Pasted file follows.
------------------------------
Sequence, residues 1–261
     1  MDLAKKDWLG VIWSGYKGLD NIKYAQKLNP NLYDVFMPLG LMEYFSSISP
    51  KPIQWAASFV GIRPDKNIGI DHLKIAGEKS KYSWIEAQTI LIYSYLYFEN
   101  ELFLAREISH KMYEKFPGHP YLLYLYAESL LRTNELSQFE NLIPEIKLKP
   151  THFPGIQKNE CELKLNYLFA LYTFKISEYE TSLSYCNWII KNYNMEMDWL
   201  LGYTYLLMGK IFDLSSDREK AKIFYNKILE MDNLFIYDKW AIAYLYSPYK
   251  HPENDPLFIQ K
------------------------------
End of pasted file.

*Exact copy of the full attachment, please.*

Sequence, residues 1–261
     1  MDLAKKDWLG VIWSGYKGLD NIKYAQKLNP NLYDVFMPLG LMEYFSSISP
    51  KPIQWAASFV GIRPDKNIGI DHLKIAGEKS KYSWIEAQTI LIYSYLYFEN
   101  ELFLAREISH KMYEKFPGHP YLLYLYAESL LRTNELSQFE NLIPEIKLKP
   151  THFPGIQKNE CELKLNYLFA LYTFKISEYE TSLSYCNWII KNYNMEMDWL
   201  LGYTYLLMGK IFDLSSDREK AKIFYNKILE MDNLFIYDKW AIAYLYSPYK
   251  HPENDPLFIQ K